Roy and Diana Vagelos Institute for Biomedical Research Education Launched at Columbia University with $175 Million Gift

Roy and Diana Vagelos with Katrina Armstrong, Dean of the Columbia University Vagelos College of Physicians and Surgeons, and EVP for Health and Biomedical Sciences

With the COVID-19 pandemic highlighting the critical importance of biomedical research and new questions being raised about society’s capacity to generate world-changing scientific breakthroughs[1], Roy and Diana Vagelos have made a $175 million gift to Columbia University to address this need. The Vagelos Institute for Biomedical Research Education created with this gift will be home to PhD students pursuing the most creative, potentially disruptive ideas in biomedical science, and will spur the training of more physician-scientists able to translate the latest paradigm-shifting discoveries into revolutionary new methods in patient care.  

The gift will enable Columbia to create a new academic model that encourages and accelerates the intellectual risk-taking needed to make historic advances in health science research. Supportive career pathways, promising stability and academic freedom, are being developed to attract more students and junior faculty to this essential endeavor. Currently in the United States, PhD students, MDs in training, residents, fellows, and early-career physician-scientists who pursue a career in basic, translational or clinical research must contend with both financial challenges and professional uncertainty[2].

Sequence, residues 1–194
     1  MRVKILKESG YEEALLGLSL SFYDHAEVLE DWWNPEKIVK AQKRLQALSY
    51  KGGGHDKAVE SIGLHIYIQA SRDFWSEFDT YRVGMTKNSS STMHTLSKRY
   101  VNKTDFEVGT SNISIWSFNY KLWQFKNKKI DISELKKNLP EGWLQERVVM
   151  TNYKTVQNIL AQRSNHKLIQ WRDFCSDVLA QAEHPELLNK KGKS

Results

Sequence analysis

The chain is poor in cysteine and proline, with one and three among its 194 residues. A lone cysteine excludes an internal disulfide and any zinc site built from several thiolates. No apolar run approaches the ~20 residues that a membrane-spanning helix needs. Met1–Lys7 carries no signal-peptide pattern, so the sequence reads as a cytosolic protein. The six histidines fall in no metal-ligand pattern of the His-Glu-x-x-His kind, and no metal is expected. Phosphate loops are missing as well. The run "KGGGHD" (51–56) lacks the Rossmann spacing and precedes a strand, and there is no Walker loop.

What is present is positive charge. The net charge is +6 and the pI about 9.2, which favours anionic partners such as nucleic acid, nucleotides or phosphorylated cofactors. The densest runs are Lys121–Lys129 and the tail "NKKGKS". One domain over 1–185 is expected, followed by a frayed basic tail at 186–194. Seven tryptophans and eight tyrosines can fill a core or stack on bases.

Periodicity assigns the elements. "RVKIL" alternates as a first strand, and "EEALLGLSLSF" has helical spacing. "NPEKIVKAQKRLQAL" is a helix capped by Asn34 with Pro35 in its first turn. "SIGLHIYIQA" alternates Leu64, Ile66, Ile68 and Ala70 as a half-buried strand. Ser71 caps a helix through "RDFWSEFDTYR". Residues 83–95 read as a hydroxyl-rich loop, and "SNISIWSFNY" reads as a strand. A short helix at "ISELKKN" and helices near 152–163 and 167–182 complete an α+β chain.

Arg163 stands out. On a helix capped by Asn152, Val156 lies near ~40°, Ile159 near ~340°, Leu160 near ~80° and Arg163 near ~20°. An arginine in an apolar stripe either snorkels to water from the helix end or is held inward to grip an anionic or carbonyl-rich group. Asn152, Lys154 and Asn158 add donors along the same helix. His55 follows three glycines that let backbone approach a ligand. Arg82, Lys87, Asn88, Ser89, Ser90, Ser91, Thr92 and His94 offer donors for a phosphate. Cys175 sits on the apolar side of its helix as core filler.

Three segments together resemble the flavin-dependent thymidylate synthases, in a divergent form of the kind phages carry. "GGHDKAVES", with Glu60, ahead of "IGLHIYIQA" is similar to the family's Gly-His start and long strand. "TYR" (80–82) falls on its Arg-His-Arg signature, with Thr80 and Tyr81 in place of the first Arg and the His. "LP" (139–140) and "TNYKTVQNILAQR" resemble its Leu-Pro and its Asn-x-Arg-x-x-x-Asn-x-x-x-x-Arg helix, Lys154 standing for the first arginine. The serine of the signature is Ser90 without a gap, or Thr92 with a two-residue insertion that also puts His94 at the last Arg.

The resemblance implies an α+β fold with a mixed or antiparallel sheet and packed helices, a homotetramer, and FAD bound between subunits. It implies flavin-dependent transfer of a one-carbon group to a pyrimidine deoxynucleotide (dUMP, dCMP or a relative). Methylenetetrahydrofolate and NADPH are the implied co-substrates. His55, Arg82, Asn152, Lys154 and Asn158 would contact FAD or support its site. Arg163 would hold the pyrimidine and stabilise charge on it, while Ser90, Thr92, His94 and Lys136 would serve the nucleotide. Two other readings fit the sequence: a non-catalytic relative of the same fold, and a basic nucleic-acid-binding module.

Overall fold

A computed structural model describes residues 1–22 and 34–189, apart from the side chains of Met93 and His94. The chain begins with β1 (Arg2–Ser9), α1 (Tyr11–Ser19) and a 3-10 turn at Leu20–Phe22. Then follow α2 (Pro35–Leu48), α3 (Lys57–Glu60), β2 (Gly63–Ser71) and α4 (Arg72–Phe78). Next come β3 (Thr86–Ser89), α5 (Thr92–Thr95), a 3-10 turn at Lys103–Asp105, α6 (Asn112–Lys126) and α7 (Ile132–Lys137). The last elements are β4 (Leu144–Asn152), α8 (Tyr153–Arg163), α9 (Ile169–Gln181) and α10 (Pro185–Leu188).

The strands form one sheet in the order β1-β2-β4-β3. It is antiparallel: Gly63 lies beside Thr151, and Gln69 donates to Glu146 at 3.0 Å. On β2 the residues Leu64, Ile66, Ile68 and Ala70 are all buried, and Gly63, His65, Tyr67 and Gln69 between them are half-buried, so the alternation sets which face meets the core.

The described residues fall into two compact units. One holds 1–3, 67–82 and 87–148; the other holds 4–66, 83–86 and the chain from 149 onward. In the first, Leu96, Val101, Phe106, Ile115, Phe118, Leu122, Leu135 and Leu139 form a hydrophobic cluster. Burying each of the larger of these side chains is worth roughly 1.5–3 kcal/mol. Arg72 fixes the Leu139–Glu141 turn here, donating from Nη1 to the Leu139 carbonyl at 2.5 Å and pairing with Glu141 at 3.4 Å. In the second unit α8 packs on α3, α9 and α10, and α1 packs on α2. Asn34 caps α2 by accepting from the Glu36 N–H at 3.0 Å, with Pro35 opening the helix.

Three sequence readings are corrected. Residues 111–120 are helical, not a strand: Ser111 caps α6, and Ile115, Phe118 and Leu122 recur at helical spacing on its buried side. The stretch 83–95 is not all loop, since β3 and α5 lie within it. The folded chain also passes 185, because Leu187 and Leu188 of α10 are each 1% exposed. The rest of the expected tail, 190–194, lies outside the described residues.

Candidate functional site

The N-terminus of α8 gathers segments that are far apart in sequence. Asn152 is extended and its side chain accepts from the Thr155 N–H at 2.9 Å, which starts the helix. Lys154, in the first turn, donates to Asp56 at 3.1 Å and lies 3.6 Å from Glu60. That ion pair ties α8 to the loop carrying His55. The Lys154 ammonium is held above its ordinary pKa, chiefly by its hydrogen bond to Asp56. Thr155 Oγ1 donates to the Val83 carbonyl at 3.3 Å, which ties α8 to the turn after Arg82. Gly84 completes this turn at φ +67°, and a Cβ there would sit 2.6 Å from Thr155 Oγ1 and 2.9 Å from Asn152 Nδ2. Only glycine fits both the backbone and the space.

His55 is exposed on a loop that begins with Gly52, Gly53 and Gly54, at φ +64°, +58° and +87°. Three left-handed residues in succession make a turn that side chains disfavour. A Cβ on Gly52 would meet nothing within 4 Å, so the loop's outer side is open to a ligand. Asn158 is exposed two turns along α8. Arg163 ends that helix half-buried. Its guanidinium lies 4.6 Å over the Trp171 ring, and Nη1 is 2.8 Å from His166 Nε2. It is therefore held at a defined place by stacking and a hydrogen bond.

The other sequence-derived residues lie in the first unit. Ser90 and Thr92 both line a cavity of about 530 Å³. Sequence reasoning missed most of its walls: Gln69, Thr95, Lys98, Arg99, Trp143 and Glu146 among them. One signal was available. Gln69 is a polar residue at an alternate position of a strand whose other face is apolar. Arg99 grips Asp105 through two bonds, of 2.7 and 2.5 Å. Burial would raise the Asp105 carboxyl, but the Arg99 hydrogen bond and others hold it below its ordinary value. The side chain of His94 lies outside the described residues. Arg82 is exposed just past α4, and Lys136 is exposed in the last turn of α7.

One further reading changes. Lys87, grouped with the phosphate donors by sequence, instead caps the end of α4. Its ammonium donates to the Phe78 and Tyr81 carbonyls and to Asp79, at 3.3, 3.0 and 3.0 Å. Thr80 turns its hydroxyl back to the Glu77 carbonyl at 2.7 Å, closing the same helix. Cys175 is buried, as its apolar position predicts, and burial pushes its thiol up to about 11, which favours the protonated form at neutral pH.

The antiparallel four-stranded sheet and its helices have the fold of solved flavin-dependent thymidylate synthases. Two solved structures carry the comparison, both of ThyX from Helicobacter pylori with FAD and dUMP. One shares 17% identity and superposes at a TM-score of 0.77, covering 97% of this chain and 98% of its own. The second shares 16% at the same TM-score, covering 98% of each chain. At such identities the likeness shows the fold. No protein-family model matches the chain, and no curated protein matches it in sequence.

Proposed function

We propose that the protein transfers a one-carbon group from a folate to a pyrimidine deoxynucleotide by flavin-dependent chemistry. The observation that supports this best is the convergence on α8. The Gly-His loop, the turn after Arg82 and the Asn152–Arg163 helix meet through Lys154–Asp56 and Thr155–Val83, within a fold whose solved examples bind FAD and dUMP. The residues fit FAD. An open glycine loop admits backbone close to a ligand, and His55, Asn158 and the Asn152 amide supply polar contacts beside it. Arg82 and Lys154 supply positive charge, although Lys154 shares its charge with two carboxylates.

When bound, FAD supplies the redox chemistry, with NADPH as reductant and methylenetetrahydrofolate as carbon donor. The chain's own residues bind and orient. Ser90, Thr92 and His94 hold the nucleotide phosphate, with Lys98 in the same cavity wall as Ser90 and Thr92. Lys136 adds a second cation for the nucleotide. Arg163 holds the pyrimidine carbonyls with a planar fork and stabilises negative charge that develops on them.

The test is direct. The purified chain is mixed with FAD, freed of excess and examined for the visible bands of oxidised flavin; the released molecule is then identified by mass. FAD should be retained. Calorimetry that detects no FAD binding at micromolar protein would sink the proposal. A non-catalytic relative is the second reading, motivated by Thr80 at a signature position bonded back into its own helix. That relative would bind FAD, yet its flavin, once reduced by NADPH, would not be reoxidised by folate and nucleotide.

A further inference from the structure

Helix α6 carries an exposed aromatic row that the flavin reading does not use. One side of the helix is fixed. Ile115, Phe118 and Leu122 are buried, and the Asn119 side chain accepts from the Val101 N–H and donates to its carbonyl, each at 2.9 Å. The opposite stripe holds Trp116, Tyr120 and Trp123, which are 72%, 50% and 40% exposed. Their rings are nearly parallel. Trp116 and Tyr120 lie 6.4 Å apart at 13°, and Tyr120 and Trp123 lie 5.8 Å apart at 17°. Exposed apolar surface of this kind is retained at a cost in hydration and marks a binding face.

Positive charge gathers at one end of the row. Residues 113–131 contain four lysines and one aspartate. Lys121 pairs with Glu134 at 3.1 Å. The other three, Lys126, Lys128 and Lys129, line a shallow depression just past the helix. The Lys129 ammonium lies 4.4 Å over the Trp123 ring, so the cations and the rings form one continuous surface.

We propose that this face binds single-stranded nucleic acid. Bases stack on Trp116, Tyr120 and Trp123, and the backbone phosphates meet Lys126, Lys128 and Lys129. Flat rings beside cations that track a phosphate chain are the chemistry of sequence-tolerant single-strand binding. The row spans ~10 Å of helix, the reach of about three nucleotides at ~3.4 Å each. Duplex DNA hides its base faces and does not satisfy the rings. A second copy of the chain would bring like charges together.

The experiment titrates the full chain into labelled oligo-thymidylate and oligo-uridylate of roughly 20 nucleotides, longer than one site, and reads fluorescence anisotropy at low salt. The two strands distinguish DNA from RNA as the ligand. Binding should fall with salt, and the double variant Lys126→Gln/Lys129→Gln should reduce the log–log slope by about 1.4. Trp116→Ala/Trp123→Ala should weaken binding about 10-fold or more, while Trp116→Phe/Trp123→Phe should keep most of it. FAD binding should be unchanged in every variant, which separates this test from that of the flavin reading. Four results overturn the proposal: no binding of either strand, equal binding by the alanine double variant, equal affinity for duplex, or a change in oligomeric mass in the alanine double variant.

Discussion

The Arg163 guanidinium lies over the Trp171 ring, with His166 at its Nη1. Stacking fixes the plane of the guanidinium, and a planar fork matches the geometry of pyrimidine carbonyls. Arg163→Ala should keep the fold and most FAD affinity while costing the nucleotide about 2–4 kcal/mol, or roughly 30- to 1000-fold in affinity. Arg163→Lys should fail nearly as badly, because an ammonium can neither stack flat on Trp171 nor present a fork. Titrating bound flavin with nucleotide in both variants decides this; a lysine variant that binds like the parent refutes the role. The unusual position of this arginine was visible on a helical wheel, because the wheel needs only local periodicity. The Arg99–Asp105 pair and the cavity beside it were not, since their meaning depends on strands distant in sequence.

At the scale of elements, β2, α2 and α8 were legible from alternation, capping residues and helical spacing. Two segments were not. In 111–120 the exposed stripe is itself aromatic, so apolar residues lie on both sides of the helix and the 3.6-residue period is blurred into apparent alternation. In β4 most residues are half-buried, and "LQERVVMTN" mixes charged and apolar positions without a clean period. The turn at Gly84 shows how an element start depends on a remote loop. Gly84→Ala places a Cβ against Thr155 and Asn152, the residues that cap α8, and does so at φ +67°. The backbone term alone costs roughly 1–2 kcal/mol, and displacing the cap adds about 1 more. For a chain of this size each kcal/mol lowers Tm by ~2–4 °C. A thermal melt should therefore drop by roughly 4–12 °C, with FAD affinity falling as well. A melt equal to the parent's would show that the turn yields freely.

By directly addressing and mitigating these obstacles, the Vagelos gift seeks to create an academic research environment conducive to bold experimentation and a sustained commitment to solving longstanding medical problems. Reducing the disproportionate financial burdens that deter historically marginalized groups from pursuing a career in science is a central pillar of this program.


Read More


[1] A recent report in Nature, "Papers and patents are becoming less disruptive over time(link is external and opens in a new window)," uses a new empirical model to claim that the overall pace of what can be considered real breakthroughs has fallen dramatically since the mid-20th century.

[2] The number of physician-scientists has dwindled over recent decades due largely to the challenges for medical trainees and early-career MDs interested in research careers. A 2017 NEJM article, "Saving the Endangered Physician-Scientist—A Plan for Accelerating Medical Breakthroughs(link is external and opens in a new window)," cites finances and funding as the top issues contributing to the decline in number of physicians.